The best came last: effectively the whole of Act IV of The Fairy Queen, with the three soloists plus tenor Andrew Henley taking their season-themed solos with poise and a rich palette of colours, and the full CBSO – yes, all on modern instruments, and with at least 30 players on stage – playing vibrato-free and drawing from Purcell’s score a range of shades and textures to match any period-instrument band. McGegan, beaming with enjoyment and looking at times as if he was about to start bodypopping, draped violin lines artlessly over Purcell’s melancholy plaints, detonated volleys of trumpets and timpani, and shaped big, dramatic dynamic contrasts. A choir of over 120 in Purcell’s lively little refrains? Well, why shouldn’t we get to hear music this good sound this magnificent, at least once in a while? It’s a celebration, after all. And if this concert proved one thing, it’s that genius is infinitely adaptable.”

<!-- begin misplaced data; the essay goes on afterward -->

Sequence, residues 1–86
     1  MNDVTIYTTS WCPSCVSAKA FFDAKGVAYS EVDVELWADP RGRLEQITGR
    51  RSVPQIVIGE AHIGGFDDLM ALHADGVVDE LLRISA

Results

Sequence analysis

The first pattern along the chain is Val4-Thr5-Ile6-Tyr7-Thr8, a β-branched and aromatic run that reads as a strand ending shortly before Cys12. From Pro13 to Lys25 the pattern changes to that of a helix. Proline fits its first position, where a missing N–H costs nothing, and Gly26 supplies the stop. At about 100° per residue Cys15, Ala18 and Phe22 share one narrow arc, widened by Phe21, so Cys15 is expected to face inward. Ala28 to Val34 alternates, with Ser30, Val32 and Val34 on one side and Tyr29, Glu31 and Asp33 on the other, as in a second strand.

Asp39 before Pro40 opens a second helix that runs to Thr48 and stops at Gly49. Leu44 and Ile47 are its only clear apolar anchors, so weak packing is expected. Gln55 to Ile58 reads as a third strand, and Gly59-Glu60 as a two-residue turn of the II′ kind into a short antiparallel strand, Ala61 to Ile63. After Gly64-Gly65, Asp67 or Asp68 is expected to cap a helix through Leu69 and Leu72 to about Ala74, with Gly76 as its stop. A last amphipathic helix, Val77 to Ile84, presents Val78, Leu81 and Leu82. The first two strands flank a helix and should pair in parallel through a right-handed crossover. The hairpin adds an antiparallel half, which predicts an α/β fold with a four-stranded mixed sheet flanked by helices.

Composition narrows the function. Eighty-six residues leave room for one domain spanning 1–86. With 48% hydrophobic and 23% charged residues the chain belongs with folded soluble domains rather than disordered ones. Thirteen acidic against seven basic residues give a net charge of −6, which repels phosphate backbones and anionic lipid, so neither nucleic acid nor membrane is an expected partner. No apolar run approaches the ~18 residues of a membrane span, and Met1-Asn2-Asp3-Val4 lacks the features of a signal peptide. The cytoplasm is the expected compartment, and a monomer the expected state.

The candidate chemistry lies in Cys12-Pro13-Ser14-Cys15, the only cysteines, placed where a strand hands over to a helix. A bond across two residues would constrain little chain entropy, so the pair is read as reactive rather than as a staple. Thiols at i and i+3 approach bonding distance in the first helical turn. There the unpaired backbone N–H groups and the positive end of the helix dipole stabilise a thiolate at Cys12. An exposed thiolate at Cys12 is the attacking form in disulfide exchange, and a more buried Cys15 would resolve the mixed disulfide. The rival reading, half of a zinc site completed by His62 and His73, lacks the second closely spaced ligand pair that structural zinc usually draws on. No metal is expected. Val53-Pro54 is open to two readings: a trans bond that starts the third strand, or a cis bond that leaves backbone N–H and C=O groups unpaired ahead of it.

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Review by Ruth Horsburgh, Redbrick.Me:

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…      “Nicholas McGegan expertly and energetically conducted the orchestra and chorus with an infectious enthusiasm. There was an abundance of skill on display on stage, with excellent solos performed from all sections of the orchestra. The orchestra performed every piece strongly, with pinpoint accuracy in achieving the softest and tender dynamic to relay poignancy or a wave of sound which triumphantly enveloped the music hall, as was evident in their commanding performance of Sullivan’s ‘The Merchant of Venice – Masquerade Suite’. This effect was also enhanced by the CBSO Chorus, which is made up of, as was said in the programme notes, ‘amateur professionals’. Their skill as a choir was particularly evident in their performance of Vaughan William’s ‘In Windsor Forest’, with sweeping and beautiful melodies filling the auditorium.